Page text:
UPDATE: Proposition No. 1 Ocean Beach Schools Capital Improvements General Obligation Bonds won 62-38 percent, 1,1778 to 1,087. The propositin needed 60 percent approved to pass and with 100 percent reporting, votes for approval were 1,778, or 62.06. Votes rejecting the measure were 1,087, or 37.94 percent.
SEAVIEW, SOUTH BEND - Theresa Potter ran the needle and thread through her patchwork pieces on what was the beginning of a new quilt. Next to her sat Phyliss Scheibner, reading a book about dogs, while just down the table was Pauline Reed, just sitting and thinking.
These ladies were playing the waiting game, a game they would play out all day Tuesday, waiting for the next person to walk through the door of St. Mary's Catholic Church in Seaview to claim their ballot and register a vote in the school bond special election.
By 10 a.m. they had received a total of 23 votes. People were slowly coming through, one every 10 to 15 minutes or so. Pretty slow going for these ladies who are on the job there for a 14-hour stretch - from 7 a.m. to 8 p.m.
"We'll be here all day," said Potter.
The three women are Election Board workers. Potter is the inspector, tasked with picking up supplies, coordinating her judges, setting up the voting machines and managing the sign-in book. She also delivers ballots to the county auditor's office in South Bend after polls close. Reed and Scheibner are judges, a first time for Scheibner who was filling in this time around for another woman who is visiting South America on a year-long stint as a missionary.
By mid-morning the ladies said they really hadn't gotten any feeling from anybody as to which way the vote was going, but Reed said usually when the vote is predominantly "No," more people turn out.
"It's kind of hard to read these," she said. "When I worked at city council in Ilwaco, whenever we thought people would be against something we had a big crowd."
And she should know, Reed and Potter have been doing this for many years.
"I started way back when," said Potter, "before I had children."
Potter said she thought many on the local election board have the same amount of experience as her.
"I think that you'll find that most of your election board workers are older people and have worked the boards for a long time," she said. "They're kind of faithful - you can depend on them each time."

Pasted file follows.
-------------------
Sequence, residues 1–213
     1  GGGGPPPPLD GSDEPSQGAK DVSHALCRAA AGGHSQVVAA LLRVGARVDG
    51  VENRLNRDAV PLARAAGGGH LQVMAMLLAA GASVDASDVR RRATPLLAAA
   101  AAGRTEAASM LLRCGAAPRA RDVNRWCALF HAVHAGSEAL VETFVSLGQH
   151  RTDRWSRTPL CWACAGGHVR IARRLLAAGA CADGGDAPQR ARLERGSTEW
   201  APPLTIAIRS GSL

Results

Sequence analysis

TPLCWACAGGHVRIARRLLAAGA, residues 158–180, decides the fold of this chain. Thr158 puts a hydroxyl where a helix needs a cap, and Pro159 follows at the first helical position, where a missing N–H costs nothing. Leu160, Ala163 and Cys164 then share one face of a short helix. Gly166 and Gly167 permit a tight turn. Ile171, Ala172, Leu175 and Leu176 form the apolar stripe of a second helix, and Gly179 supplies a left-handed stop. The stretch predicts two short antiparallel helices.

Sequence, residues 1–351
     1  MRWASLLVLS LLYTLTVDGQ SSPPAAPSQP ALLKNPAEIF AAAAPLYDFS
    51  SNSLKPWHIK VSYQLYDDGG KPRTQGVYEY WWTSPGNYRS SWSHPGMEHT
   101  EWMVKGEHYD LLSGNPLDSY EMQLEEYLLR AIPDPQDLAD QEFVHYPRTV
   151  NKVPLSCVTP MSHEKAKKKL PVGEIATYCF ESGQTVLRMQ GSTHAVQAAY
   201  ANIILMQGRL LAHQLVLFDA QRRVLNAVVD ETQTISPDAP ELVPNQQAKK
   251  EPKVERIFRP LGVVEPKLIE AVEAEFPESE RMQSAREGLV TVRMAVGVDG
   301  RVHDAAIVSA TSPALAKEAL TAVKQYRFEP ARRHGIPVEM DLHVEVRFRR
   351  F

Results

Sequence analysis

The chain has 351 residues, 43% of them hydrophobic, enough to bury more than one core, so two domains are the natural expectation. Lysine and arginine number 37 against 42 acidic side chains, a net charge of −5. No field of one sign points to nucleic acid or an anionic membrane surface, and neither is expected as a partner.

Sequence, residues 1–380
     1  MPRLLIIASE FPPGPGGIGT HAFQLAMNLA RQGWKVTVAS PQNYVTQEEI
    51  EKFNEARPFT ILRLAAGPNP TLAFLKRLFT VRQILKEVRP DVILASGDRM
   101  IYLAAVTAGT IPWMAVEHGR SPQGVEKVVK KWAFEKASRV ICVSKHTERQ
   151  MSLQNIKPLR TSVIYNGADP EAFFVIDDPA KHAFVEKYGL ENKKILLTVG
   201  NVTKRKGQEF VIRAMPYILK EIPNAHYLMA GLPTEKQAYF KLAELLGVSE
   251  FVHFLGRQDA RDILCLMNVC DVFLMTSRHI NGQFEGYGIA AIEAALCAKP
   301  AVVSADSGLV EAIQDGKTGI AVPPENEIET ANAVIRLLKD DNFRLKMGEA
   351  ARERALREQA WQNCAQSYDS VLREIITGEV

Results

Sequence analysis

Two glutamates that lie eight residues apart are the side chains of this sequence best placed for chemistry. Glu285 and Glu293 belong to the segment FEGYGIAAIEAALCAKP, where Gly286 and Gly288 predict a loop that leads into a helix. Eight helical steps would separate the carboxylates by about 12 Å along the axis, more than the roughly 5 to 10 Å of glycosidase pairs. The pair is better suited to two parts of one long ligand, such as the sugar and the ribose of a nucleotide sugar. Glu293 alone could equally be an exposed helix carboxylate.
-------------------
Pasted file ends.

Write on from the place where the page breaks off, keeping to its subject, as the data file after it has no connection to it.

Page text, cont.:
And the workers are not the only ones the election board depends on. There is also faith put in the old punch ballot style voting machines, much like those made famous in Florida during the 2000 presidential election. But these ladies are convinced there will be no hanging chads here.
"I test them at home," said Potter, "and when I come here I test them again to make sure that they punch out."
And no matter what kind of election it is, there is a lot of waiting. Potter said it tends to pick up around the time mail is delivered to the Post Offices because people will be driving around. She said it also tends to get busier after people get off work.
"With the amount of absentees [ballots], it's going to be very light on our side," said Potter.
They get no lunch break - in fact, they can't even walk outside their site. Reed said that in past years her husband has come with ice cream for the ladies in the afternoon - a treat they all look forward to.
A super-majority vote of over 60 percent approval is required to pass the school bond worth $23 million.
Modernizing and renovating improvements would take place at Long Beach, Ocean Park and Hilltop Elementary Schools, including the addition of safety devices such as fire suppression sprinkler systems and improved access to buildings for citizens with disabilities.
All the schools in the district, including Ilwaco High School, would also see a reconfiguration of the grades. With that change the elementary schools would house kindergarten through fifth-grades, Hilltop would become a sixth- through eighth-grade middle school and IHS a ninth- through twelfth-grade only high school.Absentee ballots By 11:30 a.m. Tuesday, Pacific County Auditor Pat Gardner reported they had received 1,587 absentee ballots and 100 votes by mail. She specified anyone could request an absentee ballot, while vote by mail is only available to those living in an area without a polling site.
Gardner said they needed 1,458 votes in order to validate the election, a number they had covered simply by the absentees. She said her office would begin counting the absentee and mail votes at 8 p.m. that night and would most likely have all poll votes in hand and counted by 10:30 p.m. Gardner said that up to the minute results can be found at their web site: www.co.pacific.wa.us/elections/5_20election.htm
Gardner said that final election results will be posted on May 30.